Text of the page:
Genetic diversity in Trypanosoma cruzi: marker development and applications; natural population structures, and genetic exchange mechanisms

Messenger, LA; (2015) Genetic diversity in Trypanosoma cruzi: marker development and applications; natural population structures, and genetic exchange mechanisms. PhD thesis, London School of Hygiene & Tropical Medicine. DOI:

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Chagas disease remains the most important parasitic infection in Latin America. The aetiological agent, Trypanosoma cruzi (Kinetoplastida: Trypanosomatidae), is a complex vector-borne zoonosis transmitted in the faeces of hematophagous triatomine bugs (Hemiptera: Reduviidae: Triatominae), and maintained by mammalian reservoir hosts ranging from the southern United States to Argentinean Patagonia. In the absence of chemotherapy, infection is life-long and can lead to a spectrum of pathological sequelae ranging from subclinical to lethal cardiac and/or gastrointestinal complications in up to 30% of patients. T. cruzi displays remarkable genetic diversity, which has long been suspected to contribute to the considerable variation in clinical symptoms observed between endemic regions. Currently, isolates of T. cruzi can be assigned to a minimum of six stable genetic lineages or discrete typing units (DTUs) (TcI-TcVI), which are broadly associated with disparate ecologies, transmission cycles and geographical distributions. The principal mode of reproduction among T. cruzi strains is the subject of an intense, decades-old debate. Despite the existence of two recent natural hybrid lineages (TcV and TcVI), which resemble meiotic F1 progeny, a pervasive view is that recombination has been restrained at an evolutionary scale and is of little epidemiological relevance to contemporary parasite populations. The aim of this PhD project was to investigate T. cruzi genetic diversity through significant development of phylogenetic markers and their application to the characterization of natural parasite population structures and genetic exchange mechanisms. Multiple, single-copy, chromosomally-independent, nuclear housekeeping genes were assessed initially for their ability to allocate isolates to DTU-level, to facilitate higher resolution intra-lineage analyses and finally for their inclusion alongside additional targets in a standardized T. cruzi multilocus sequence typing (nMLST) scheme. For the immediate future, nuclear MLST, using a panel of four to seven nuclear loci, is a robust, reproducible and highly discriminatory method that has potential to become the new gold standard for T. cruzi DTU assignment. To investigate natural parasite population structures and uncover evidence of genetic exchange, a high resolution mitochondrial MLST (mtMLST) scheme, based on ten gene fragments, was developed and evaluated against current nuclear markers (multilocus microsatellite typing; MLMT) using isolates belonging to the oldest and most widely distributed lineage (TcI). Observations of gross nuclear-mitochondrial phylogenetic incongruence indicate that recombination is ongoing, geographically widespread and continues to influence natural populations, challenging the traditional paradigm of clonality in T. cruzi. Application of this combined nuclear-mitochondrial methodology to intensively sampled, minimally-subdivided TcI populations revealed extensive mitochondrial introgression within a disease focus in North-East Colombia as well as among arboreal transmission cycles in Bolivia. Failure to detect any reciprocal nuclear hybridization among recombinant strains ! 4 may be indicative of alternate, cryptic mating strategies in T. cruzi, which are challenging to reconcile with both in vitro parasexual mechanisms of genetic exchange described, and patterns of Mendelian allele inheritance among natural hybrid DTUs. High resolution genotyping of TcI populations was also undertaken to explore the interaction between parasite genetic heterogeneity and ecological biodiversity, exposing the significant impact human activity has had on T. cruzi evolution. Reduced genetic diversity, accelerated parasite dissemination between densely populated areas and mitochondrial gene flow between domestic and sylvatic populations, suggests humans may have played a crucial role in T. cruzi dispersal across the Bolivian highlands. Parallel reductions in genetic diversity were observed among isolates from the Brazilian Atlantic Forest, attributable to ongoing anthropogenic habitat fragmentation. By comparison domestic TcI isolates (TcIDOM) are divergent from their sylvatic counterparts, but also genetically homogeneous, and likely to have originated in North/Central America before distribution southwards. Molecular dating of Colombian TcIDOM clones confirmed that this clade emerged 23,000 ± 12,000 years, coinciding with the earliest human migration into South America. Lastly, Illumina amplicon deep sequencing markers were developed to explore the interaction between parasite multiclonality and clinical status of chronic Chagas disease. An unprecedented level of intra-host genetic diversity was detected, highlighting putative diversifying selection affecting antigenic surface proteases, which may facilitate survival in the mammalian host. In lieu of comparative genomics of representative T. cruzi field isolates, not yet a reality, as is the case with other more experimentally-tractable trypanosomatids, presented herein are some of the highest resolution genotyping techniques developed in T. cruzi to date, which have the potential to expand our current understanding of parasite genetic diversity and its relevance to clinical outcome of Chagas disease.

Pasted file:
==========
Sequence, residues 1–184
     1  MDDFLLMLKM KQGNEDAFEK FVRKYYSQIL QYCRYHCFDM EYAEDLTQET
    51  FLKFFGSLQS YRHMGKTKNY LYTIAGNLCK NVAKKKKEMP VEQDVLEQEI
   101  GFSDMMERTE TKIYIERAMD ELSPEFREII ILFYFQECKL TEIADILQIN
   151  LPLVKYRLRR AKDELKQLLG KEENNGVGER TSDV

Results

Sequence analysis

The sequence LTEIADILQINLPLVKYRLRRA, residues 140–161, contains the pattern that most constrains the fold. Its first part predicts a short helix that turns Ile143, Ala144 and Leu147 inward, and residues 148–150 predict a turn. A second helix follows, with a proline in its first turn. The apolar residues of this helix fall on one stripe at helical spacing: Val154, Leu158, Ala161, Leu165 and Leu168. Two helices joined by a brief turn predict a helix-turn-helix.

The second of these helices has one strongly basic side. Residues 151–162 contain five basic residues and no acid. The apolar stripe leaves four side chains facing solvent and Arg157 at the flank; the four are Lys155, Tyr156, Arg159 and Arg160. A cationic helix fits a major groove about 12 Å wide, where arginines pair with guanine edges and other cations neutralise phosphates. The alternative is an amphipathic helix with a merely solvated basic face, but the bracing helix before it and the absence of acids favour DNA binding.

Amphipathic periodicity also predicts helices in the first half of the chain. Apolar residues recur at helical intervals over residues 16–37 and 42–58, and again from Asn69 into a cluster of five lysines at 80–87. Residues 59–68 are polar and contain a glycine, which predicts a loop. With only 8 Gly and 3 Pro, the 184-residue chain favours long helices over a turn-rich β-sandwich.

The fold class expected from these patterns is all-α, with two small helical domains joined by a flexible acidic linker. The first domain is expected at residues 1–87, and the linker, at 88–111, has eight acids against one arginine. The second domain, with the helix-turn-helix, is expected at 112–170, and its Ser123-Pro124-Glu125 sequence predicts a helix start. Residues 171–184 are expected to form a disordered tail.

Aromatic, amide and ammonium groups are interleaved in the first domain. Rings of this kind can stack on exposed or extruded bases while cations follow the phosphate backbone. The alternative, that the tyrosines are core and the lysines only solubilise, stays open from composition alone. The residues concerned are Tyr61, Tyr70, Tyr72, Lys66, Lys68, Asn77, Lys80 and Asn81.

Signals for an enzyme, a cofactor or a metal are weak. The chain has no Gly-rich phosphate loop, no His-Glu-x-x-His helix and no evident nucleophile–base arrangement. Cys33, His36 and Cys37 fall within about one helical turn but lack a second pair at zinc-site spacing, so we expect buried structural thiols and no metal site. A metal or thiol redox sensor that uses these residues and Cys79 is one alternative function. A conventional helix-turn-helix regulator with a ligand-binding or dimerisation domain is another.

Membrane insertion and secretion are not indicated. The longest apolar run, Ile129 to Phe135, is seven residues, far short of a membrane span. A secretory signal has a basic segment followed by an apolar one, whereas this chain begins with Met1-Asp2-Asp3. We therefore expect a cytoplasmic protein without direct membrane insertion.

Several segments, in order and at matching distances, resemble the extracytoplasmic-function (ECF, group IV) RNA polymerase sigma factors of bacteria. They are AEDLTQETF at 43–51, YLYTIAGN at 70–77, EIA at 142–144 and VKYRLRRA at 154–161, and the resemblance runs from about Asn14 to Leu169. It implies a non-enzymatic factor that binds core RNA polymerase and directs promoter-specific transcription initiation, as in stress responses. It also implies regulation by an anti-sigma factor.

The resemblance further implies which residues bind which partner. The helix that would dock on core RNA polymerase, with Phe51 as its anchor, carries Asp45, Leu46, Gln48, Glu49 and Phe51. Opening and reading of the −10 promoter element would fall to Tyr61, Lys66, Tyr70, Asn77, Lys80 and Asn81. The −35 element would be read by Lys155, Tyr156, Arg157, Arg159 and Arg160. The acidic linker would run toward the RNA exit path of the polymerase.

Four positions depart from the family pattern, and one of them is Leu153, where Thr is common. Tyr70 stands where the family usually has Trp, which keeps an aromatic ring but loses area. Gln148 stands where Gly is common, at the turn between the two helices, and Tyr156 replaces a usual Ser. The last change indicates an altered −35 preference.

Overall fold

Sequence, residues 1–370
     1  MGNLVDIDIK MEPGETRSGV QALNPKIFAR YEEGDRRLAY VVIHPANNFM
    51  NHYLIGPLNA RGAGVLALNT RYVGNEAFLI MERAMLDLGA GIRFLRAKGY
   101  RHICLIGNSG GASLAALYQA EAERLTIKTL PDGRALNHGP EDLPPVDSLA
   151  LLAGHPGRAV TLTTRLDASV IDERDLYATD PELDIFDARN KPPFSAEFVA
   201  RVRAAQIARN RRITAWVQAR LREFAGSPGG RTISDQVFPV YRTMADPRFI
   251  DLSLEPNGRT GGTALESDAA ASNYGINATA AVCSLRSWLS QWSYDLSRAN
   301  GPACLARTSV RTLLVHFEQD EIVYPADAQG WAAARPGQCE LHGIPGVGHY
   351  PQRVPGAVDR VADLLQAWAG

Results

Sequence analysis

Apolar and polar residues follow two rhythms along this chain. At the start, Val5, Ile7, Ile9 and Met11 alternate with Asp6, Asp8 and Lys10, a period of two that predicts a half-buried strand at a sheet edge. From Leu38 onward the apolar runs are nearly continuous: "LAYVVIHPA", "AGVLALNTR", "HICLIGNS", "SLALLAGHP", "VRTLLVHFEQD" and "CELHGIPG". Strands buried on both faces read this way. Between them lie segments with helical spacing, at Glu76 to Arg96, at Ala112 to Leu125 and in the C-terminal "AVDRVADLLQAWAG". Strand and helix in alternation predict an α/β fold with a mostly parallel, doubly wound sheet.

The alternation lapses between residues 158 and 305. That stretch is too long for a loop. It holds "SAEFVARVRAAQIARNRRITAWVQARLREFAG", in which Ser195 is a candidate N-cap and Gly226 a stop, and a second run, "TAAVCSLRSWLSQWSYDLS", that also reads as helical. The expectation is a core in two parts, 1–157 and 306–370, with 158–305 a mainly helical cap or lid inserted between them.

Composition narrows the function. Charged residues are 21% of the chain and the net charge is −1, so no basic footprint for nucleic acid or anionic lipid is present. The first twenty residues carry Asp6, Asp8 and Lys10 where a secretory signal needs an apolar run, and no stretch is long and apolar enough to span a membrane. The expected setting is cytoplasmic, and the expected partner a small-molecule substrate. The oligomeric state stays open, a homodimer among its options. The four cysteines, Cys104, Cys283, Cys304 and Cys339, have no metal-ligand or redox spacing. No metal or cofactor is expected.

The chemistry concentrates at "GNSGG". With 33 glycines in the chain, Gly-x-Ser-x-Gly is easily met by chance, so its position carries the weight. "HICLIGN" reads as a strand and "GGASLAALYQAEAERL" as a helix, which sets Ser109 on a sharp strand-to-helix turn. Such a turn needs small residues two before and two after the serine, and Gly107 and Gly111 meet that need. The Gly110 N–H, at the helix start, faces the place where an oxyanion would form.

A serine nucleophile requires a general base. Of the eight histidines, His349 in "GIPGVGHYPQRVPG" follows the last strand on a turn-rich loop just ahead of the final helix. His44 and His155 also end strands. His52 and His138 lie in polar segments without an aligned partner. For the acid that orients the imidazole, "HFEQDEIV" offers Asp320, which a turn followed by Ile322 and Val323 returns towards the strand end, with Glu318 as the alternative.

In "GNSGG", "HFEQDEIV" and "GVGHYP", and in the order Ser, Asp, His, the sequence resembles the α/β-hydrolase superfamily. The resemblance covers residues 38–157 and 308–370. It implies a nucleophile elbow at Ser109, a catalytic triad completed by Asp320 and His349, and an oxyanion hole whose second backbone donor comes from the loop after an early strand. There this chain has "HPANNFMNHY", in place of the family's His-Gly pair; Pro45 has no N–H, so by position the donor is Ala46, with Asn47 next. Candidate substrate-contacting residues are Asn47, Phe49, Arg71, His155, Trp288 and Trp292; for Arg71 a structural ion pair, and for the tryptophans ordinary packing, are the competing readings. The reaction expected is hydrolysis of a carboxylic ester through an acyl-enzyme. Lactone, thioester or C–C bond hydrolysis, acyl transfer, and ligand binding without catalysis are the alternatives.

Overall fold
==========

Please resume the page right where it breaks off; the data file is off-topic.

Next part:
Item Type: Thesis
Thesis Type: Doctoral
Thesis Name: PhD
Contributors: Miles, Michael (Thesis advisor);
Additional Information:
Faculty and Department: Faculty of Infectious and Tropical Diseases > Dept of Pathogen Molecular Biology
Funders: Biotechnology and Biological Sciences Research Council, Chadwick Trust Travelling Scholarship, Dr Gordon Smith Travelling Scholarship, Royal Society of Tropical Medicine and Hygiene
Copyright Holders: Louisa Messenger